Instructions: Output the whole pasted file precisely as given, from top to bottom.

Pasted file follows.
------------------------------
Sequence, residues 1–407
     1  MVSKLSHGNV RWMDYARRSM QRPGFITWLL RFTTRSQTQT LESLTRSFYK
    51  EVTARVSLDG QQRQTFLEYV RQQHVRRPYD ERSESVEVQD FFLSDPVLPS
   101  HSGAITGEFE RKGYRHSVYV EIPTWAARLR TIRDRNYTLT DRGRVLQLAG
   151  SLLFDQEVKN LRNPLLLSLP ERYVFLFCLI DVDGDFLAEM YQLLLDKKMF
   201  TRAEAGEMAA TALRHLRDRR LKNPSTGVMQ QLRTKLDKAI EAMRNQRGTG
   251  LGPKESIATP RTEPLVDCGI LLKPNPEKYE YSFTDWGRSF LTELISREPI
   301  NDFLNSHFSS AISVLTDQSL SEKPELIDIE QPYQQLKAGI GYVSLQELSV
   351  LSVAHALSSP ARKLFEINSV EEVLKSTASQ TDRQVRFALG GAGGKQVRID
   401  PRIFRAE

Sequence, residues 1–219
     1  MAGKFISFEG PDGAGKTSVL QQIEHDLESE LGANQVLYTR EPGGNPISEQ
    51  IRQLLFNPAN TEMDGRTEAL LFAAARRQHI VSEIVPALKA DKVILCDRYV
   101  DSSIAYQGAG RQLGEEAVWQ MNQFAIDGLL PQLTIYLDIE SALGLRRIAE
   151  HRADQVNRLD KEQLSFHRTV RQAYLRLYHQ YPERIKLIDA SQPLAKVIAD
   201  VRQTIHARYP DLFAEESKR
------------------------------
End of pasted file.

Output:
Sequence, residues 1–407
     1  MVSKLSHGNV RWMDYARRSM QRPGFITWLL RFTTRSQTQT LESLTRSFYK
    51  EVTARVSLDG QQRQTFLEYV RQQHVRRPYD ERSESVEVQD FFLSDPVLPS
   101  HSGAITGEFE RKGYRHSVYV EIPTWAARLR TIRDRNYTLT DRGRVLQLAG
   151  SLLFDQEVKN LRNPLLLSLP ERYVFLFCLI DVDGDFLAEM YQLLLDKKMF
   201  TRAEAGEMAA TALRHLRDRR LKNPSTGVMQ QLRTKLDKAI EAMRNQRGTG
   251  LGPKESIATP RTEPLVDCGI LLKPNPEKYE YSFTDWGRSF LTELISREPI
   301  NDFLNSHFSS AISVLTDQSL SEKPELIDIE QPYQQLKAGI GYVSLQELSV
   351  LSVAHALSSP ARKLFEINSV EEVLKSTASQ TDRQVRFALG GAGGKQVRID
   401  PRIFRAE

Sequence, residues 1–219
     1  MAGKFISFEG PDGAGKTSVL QQIEHDLESE LGANQVLYTR EPGGNPISEQ
    51  IRQLLFNPAN TEMDGRTEAL LFAAARRQHI VSEIVPALKA DKVILCDRYV
   101  DSSIAYQGAG RQLGEEAVWQ MNQFAIDGLL PQLTIYLDIE SALGLRRIAE
   151  HRADQVNRLD KEQLSFHRTV RQAYLRLYHQ YPERIKLIDA SQPLAKVIAD
   201  VRQTIHARYP DLFAEESKR